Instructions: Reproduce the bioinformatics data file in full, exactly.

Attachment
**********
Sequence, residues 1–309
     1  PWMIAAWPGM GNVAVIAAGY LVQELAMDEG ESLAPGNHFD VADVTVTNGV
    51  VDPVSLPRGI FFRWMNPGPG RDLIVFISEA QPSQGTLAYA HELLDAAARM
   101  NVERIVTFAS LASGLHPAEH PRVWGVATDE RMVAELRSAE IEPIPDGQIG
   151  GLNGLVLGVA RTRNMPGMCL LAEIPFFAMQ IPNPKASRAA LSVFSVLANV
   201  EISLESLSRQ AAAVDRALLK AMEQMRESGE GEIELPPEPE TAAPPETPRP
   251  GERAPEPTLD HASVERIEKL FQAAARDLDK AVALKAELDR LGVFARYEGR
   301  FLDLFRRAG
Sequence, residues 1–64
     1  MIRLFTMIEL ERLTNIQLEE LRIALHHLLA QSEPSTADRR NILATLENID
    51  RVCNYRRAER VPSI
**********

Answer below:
Sequence, residues 1–309
     1  PWMIAAWPGM GNVAVIAAGY LVQELAMDEG ESLAPGNHFD VADVTVTNGV
    51  VDPVSLPRGI FFRWMNPGPG RDLIVFISEA QPSQGTLAYA HELLDAAARM
   101  NVERIVTFAS LASGLHPAEH PRVWGVATDE RMVAELRSAE IEPIPDGQIG
   151  GLNGLVLGVA RTRNMPGMCL LAEIPFFAMQ IPNPKASRAA LSVFSVLANV
   201  EISLESLSRQ AAAVDRALLK AMEQMRESGE GEIELPPEPE TAAPPETPRP
   251  GERAPEPTLD HASVERIEKL FQAAARDLDK AVALKAELDR LGVFARYEGR
   301  FLDLFRRAG
Sequence, residues 1–64
     1  MIRLFTMIEL ERLTNIQLEE LRIALHHLLA QSEPSTADRR NILATLENID
    51  RVCNYRRAER VPSI